IMG_7841However, my camera, monopod, and shutter finger continued their fireworks revolt, as I tried to capture the Mohawk Harbor July 4th display, with unconventional results. (See JJF 2018, for another recent example) The randomly fashioned images are, nonetheless, like my children, and I appreciate them for their unique attributes and beauty. They’re fun to play with, too. I hope you enjoy the inadvertently pretty, and pretty strange, images

Click on any of the photos in this posting, including those in the mosaic below, for a larger version whose details I hope will please you.

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  • All the photos were taken from Riverside Park, near the play lot, looking east toward the CSX/Amtrak trestle and Mohawk Harbor.  I got to enjoy them with Julianna, Richard, Laura, Finnegan and Jim. Plus, Good Doggie McKee, who agreed that the distance made the explosions a lot more tolerable. A slight dip in temperature and breeze even made the historic heat wave bearable.

Next year, maybe I’ll experiment some on the shorter, July 3 fireworks show from Rivers Casino. Then, on the 4th, work to capture a good portion of the fireworks as they actually look in the sky. And, also see what serendipity and a shaky monopod yield to surprise my inner child and Independence muse.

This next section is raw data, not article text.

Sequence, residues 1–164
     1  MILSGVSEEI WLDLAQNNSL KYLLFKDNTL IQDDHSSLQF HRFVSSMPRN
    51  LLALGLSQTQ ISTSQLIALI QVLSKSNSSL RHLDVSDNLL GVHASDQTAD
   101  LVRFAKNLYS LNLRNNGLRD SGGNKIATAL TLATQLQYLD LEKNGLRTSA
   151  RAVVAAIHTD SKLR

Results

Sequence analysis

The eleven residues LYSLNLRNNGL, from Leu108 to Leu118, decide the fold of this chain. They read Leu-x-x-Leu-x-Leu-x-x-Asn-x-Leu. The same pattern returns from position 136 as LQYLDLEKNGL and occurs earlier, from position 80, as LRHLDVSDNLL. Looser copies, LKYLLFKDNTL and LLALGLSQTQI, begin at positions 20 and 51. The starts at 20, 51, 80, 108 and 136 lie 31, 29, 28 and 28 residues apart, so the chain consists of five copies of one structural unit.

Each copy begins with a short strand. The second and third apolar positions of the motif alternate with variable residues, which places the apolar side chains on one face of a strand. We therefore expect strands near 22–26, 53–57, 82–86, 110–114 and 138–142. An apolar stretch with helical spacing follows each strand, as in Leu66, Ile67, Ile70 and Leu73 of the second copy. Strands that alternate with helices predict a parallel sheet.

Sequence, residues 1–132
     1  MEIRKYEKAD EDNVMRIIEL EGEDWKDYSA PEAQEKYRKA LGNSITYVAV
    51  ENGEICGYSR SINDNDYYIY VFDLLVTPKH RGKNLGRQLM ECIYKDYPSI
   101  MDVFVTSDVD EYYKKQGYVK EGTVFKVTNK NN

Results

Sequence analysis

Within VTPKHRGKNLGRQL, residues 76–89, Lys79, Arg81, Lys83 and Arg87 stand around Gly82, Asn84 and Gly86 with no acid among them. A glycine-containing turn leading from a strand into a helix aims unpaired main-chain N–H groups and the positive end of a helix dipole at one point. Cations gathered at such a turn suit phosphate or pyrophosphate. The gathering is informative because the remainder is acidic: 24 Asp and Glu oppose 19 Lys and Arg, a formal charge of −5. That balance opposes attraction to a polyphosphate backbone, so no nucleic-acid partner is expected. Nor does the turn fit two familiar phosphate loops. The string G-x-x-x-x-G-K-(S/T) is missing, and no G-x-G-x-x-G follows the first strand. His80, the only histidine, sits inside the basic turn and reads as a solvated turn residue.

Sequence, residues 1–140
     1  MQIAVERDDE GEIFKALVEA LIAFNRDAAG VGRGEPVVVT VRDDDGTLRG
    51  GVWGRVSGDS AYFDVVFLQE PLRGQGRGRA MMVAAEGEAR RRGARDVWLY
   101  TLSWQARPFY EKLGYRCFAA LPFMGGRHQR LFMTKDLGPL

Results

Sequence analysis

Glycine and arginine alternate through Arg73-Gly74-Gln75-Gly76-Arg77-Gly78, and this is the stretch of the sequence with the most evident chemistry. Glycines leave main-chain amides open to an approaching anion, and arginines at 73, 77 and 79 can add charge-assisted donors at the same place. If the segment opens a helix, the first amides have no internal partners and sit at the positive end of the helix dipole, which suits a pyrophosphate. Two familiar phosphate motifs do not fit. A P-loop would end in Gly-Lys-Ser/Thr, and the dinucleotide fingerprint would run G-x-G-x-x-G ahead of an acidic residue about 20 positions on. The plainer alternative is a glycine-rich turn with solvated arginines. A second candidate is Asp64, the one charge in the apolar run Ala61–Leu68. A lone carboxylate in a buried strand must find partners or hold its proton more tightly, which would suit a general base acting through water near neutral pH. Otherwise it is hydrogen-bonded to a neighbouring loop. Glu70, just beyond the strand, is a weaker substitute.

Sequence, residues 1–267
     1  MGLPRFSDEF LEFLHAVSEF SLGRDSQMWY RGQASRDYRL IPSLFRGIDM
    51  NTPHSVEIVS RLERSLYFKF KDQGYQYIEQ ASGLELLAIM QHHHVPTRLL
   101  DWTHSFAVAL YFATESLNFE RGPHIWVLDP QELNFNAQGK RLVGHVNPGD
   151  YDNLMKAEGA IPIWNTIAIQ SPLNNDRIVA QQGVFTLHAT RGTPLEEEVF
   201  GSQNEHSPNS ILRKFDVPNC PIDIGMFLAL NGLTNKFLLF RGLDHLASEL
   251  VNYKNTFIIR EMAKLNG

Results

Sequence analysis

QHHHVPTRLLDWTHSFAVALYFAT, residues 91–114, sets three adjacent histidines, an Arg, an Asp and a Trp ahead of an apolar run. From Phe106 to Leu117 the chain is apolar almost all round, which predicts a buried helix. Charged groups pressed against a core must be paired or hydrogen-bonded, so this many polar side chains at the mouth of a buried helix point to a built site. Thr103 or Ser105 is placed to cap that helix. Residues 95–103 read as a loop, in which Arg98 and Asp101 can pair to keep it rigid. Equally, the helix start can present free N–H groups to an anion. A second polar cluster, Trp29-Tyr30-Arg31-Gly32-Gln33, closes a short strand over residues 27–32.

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. . share this post with this shorter URL: http://tinyurl.com/CasinoFireworks2018

Posted by: David Giacalone | June 30, 2018

still missing the view from WGB

IMG_7382cement parapet on the western side of the Western Gateway Bridge [WGB] has blocked the view of the Mohawk River for those in passenger vehicles since the summer of 2013 [image on right]. WGB is NY Rt. 5 and connects Schenectady with Scotia/Glenville, passing over the Isle of the Cayugas.

But, let’s take a peek over the parapet:

. . click on a photo for a larger version! . . share this post with: http://tinyurl.com/scenicWGB

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. . [above] the Schenectady side and [below] the Scotia side of Mohawk River channels created by the Isle of the Cayugas, as seen from the sidewalk of the Western Gateway Bridge, on June 15, 2018, near sunset: